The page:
Recent Examples of silica from the Web
Not just any sand will create such tones, the grains must be round, contain silica, and be a particular size—between 0.1 and 0.5 mm in diameter to enable them to be blown.
Glass, from window panes to eyeglass lenses to smartphone screens, is made by melting sand, and the semiconductors in our electronics come from heating silica sand.
While acidic soils decompose and destroy the organic matter from rice, including its grains and stems, rice plants produces microscopic bits of silica called phytoliths that form in distinctive patterns in rice leaves.
The material can then be filtered to separate the silica from the protein.
Sand and sediment not clean enough to go to the beach will be taken to the city’s El Corazon property, land that for years was a silica mine at the northeast corner of El Camino Real and Oceanside Boulevard.
The material starts off as a mixture of silica, aluminium oxide (a standard strengthening agent) and sodium oxide.
Workers' health advocates argue that the delays in fully enforcing the silica rule are simply prolonging the time that laborers are in harm’s way.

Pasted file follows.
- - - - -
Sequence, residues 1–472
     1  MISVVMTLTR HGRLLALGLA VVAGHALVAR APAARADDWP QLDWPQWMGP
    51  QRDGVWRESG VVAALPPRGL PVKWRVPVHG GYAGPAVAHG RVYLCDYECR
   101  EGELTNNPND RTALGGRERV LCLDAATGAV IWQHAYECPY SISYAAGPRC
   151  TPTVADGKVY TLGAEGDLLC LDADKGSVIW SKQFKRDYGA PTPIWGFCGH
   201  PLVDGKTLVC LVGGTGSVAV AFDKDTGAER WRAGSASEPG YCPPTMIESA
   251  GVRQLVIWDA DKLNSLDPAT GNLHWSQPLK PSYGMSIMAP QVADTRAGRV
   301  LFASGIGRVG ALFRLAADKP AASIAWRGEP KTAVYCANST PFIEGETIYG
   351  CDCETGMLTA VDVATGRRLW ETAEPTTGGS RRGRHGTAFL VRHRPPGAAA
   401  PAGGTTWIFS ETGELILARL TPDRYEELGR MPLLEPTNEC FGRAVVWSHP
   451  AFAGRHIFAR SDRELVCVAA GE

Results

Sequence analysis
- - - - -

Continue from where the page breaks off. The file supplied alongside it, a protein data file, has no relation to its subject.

For smaller gadgets, like MP3 players or phones, survival odds can be improved with submersion in a bowl of uncooked rice or silica gel packets—items that will soak up water.
These example sentences are selected automatically from various online news sources to reflect current usage of the word 'silica.' Views expressed in the examples do not represent the opinion of Merriam-Webster or its editors. Send us feedback.
Origin and Etymology of silica
First Known Use: circa 1801See Words from the same year
SILICA Defined for English Language Learners
medical Definition of silica
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